When it comes to adding additional dimensions, you could look to substitute the following,

If you’re wanting a geographical breakdown:

  • Country
  • City
  • Region

Ecommerce activity:

  • Item name
  • Item ID
  • Item brand
  • Category
  • Date


  • Age
  • Gender
  • Interests

These are just a few of the possible explorations you could make to help give a detailed breakdown of website activity. 

3. Path Exploration

For those that used Goal Flow in Universal Analytics, this is similar but provides a lot more flexibility. 

For starters, you don’t have to have your ending or starting point set to any particular conversion, it can be any page or event you want (that receives meaningful traffic).

Go back into your explorations dashboard and click on Path Exploration. This will pull up a default exploration created by GA4. It is a solid starting point, but you can easily erase it and start over.

To do that, click on (surprise) the ‘Start over’ button in the top-right corner. You will then be greeted by a screen that asks you to choose your starting or ending point.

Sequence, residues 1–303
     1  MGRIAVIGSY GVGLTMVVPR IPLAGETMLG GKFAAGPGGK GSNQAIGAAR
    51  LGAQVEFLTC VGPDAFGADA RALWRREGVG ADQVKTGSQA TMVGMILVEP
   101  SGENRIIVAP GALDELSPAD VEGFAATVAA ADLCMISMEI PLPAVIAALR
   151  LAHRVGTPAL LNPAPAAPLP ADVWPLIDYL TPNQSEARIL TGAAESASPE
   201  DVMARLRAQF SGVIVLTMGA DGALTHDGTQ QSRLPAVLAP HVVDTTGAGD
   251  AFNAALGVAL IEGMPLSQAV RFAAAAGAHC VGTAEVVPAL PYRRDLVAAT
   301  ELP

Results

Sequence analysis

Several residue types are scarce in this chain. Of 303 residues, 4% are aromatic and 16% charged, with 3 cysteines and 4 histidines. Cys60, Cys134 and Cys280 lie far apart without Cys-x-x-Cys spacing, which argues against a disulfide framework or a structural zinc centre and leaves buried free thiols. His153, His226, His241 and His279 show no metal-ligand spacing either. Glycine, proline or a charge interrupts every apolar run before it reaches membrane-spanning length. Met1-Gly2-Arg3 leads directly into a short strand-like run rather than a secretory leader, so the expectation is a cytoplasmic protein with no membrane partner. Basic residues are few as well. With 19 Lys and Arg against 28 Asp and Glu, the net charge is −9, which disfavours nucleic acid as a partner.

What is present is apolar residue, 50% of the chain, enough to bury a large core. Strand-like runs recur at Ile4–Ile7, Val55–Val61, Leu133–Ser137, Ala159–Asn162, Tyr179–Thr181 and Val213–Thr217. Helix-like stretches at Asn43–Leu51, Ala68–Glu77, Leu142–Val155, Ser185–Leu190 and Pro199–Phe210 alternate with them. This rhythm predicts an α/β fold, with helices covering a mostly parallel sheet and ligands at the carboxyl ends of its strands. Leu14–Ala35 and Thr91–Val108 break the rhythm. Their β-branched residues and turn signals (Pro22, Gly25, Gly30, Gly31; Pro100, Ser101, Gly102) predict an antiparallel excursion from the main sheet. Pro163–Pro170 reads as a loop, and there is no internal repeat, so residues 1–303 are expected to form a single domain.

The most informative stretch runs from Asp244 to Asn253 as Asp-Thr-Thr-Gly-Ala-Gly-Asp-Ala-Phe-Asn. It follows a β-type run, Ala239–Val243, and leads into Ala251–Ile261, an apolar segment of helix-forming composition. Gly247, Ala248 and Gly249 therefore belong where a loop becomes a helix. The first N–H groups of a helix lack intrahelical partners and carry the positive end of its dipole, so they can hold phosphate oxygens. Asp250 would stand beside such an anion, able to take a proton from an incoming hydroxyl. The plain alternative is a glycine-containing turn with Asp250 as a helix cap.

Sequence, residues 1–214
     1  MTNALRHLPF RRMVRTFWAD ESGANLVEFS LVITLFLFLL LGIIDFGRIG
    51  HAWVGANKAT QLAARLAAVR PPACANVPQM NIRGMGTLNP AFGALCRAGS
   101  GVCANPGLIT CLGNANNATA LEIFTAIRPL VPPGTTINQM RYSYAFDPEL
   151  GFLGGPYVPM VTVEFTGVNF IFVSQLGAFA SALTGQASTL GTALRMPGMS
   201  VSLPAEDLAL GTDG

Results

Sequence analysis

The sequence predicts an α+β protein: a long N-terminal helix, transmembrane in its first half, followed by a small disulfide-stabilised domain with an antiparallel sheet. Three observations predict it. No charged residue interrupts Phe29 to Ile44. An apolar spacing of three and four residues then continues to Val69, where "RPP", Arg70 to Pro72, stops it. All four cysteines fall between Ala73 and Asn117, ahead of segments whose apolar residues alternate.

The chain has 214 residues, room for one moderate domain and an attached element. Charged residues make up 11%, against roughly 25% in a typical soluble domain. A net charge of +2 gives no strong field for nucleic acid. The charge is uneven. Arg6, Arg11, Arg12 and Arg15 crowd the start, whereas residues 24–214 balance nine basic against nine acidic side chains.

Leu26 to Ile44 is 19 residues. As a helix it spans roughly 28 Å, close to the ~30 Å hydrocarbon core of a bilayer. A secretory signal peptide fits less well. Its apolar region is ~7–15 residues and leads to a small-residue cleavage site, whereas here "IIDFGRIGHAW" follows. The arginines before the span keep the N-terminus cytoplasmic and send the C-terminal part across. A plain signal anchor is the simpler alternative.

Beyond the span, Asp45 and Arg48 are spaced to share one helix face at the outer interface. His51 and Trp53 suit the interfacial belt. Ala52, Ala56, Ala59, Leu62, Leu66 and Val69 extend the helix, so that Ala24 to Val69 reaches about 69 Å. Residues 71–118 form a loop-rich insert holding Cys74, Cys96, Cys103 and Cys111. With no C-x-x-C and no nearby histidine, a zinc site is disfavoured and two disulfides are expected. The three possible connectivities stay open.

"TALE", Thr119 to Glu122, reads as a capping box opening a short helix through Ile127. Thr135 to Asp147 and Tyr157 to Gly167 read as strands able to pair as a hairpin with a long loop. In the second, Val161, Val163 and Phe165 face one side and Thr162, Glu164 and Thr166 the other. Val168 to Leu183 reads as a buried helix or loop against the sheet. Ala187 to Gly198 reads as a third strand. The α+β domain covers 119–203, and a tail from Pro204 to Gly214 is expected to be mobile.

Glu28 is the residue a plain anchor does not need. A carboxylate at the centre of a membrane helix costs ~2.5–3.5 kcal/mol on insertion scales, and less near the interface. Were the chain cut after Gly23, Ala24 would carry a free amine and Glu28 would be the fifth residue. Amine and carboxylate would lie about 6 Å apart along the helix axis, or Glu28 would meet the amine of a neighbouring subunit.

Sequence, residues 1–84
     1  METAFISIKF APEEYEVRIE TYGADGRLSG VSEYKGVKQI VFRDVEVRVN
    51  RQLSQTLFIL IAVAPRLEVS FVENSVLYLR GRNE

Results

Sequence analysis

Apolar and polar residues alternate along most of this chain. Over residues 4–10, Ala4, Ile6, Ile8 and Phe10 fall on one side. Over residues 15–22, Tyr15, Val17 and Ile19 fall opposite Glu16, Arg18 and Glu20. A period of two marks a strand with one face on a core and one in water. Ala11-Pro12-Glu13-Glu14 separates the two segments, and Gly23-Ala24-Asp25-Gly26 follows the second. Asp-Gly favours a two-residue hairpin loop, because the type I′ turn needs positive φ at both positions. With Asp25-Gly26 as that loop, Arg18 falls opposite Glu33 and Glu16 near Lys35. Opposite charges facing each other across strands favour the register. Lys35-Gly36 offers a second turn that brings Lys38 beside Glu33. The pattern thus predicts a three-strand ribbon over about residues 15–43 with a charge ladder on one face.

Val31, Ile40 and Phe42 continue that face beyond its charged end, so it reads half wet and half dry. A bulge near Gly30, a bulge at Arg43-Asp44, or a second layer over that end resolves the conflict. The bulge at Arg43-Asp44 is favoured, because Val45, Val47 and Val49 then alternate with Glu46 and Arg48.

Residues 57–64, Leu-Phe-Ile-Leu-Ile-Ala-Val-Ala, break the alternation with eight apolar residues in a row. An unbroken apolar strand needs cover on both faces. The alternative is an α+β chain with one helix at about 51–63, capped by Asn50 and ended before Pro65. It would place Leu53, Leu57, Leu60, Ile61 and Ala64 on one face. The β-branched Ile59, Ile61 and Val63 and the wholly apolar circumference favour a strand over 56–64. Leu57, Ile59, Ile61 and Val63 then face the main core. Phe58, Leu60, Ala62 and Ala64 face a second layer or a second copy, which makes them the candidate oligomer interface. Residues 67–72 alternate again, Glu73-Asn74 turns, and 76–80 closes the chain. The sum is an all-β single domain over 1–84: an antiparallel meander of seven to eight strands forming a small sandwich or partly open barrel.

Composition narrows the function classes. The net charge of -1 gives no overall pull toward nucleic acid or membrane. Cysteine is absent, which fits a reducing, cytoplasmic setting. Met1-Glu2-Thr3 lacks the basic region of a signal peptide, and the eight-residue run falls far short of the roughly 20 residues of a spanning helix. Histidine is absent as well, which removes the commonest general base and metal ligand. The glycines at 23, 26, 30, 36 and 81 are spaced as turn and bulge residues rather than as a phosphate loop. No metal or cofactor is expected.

path exploration starting point

For this exercise, let’s choose the Starting Point.

Let’s say you’re interested in seeing user activity after they land on a blog page on your site. Click on Starting Point and then select ‘Page path and screen class’. 

When you click on it, you will be shown a number of page paths to choose from. You can either find the one you want to start with or simply search in the top-right corner. 

From there, you can click on the blue nodes to see how users navigate throughout your site.

path exploration example

But what if you wanted to have your entire blog or certain category pages in the same path exploration?

To do this, hit Start Over in the top right corner. Choose the event name and then choose session_start.

In the second node titled ‘Step +1’, hit the pencil icon. Here, you can select the page paths or page titles you want to be included in the exploration. In this example, I chose the top 3 that have ‘Google+Redesign’.